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Improbably Improvisational

November 11, 2009

There is Acting for Lawyers to help in the courtroom, so why not Acting for Professors to help in the classroom? A lot of Ivory-Tower types would probably scoff but it turns out it’s not a bad idea, at least according to the well-known performance coach Kate Hays, who advises in Performance Psychology in Action that an acting or improv class can be a good way to tap into the unconscious mind, which is so important to peak performance.

All this theorizing sounded good on paper. Then, I found myself in the middle of a circle of 25 people holding a fake microphone to my face and channeling Tina Turner.

A week later, Proud Mary had morphed into Beyonce’s Single Ladies. What is that? Do I secretly want to become a leggy, African-American rock star? Heck yeah! And, I found my only ticket to getting there – improv.

The way Shawn teaches this richly historical art form is through exercises such as singing a brief solo on demand as your fellow players bounce you out of the middle of the circle while belting their own tune — thus, my Tina and Beyonce imitations. He also uses various exercises, improv games and character studies, but he is known for pounding improv theory into his disciples before unleashing them onto a stage. That means no telling jokes, no stealing the limelight, no killing scenes by asking questions that go nowhere, and it includes taking the improv pledge of “Yes, and” in trusting your fellow players and carrying the action forward no matter how ridiculous the situation.

For example, in one of my final acts at improv class I played a rich b*tch from Dallas who was married to “Tex” and entered in the world championship of check writing. I won by stabbing my opponent in slow motion with my emerald-encrusted fountain pen. I knew my fellow actors were right there with me, supporting me in the scene and picking up the action if I stared at them blankly, not knowing what to say next. In my mind, I was somewhere else while this woman on stage became her character, provoking real laughter from the audience. With the help of my classmates on stage, I found the funny, as Shawn would say.

At various times, I was a hooker, a drunk driver, a girl on a first date at the zoo, a fashionista and a neurosurgeon. Sometimes I was shaking I was so nervous, and Shawn once admonished me for hiding out and being the last to volunteer for a scene. Occasionally, I wanted to run out the door and forget I had ever had this silly improv idea. Who am I kidding? I wanted to run at least once in every class. But I hung in because I was inspired by the risks my classmates took, fully reaching the goal Shawn set for us – making a total fool of yourself for the benefit of the comedy.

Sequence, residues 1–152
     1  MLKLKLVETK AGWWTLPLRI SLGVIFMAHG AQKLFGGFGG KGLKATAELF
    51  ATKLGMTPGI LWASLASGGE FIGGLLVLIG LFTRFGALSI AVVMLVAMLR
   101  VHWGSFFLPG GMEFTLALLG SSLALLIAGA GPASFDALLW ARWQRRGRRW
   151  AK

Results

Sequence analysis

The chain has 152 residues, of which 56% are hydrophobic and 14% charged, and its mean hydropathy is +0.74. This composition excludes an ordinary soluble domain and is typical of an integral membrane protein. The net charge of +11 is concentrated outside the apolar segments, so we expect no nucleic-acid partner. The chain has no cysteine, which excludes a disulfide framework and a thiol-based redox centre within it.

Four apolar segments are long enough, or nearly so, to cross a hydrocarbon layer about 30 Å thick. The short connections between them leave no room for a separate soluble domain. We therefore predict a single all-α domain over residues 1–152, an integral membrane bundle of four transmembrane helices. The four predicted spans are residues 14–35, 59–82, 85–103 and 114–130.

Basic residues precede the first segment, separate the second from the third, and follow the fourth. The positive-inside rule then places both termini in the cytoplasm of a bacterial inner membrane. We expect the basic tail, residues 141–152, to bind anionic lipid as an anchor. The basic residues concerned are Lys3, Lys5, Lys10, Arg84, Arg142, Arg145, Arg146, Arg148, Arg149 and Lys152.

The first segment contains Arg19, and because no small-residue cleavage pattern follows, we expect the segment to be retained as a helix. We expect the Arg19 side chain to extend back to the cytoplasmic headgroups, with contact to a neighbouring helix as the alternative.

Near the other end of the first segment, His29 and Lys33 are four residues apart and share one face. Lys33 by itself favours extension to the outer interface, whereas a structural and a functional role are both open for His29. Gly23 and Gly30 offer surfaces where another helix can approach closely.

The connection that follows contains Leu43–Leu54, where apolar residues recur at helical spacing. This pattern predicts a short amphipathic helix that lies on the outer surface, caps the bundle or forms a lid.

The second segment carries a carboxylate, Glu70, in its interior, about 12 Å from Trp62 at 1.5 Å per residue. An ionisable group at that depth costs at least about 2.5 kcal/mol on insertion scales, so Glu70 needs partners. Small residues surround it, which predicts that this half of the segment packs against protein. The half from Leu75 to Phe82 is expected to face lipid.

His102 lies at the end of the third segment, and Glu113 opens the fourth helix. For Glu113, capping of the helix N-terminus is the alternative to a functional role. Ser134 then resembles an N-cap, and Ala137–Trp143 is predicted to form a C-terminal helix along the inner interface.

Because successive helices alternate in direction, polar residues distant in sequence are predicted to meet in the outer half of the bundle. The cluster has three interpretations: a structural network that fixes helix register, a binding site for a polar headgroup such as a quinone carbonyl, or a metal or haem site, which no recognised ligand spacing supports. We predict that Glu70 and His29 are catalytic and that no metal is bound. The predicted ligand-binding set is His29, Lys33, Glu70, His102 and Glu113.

When I told my friends what I had done, their eyes grew large and they said they never would have pictured it. I’ve been told more times in the past few weeks that I have huge cojones than ever before in my long existence as a rather petite, stubby-legged (if you must know) white woman.

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3 Comments leave one →
  1. Mike Black permalink
    November 12, 2009 5:58 pm

    Loved your words. I feel honored to have been in the room during your perfect comedy moment. It was a great moment! I am started the next class on the 17th.

  2. Wov permalink
    November 12, 2009 7:58 pm

    You had the unusual luck of having a very, very serious and experienced improv teacher – Westfall’s a master. FYI that in addition to the DC Improv classes, there’s also a thriving program at

  3. Julie permalink
    November 13, 2009 8:22 pm

    You tended to be one of the last, and somewhat more reluctant, class members to get on stage each week, but each week you proved to be well worth the wait. You nailed your characters, from the subtle to the sublime. I totally agree, lots of good memories of working with a ecclectic hodgepodge of DC characters. I wish I was in your class this semester!

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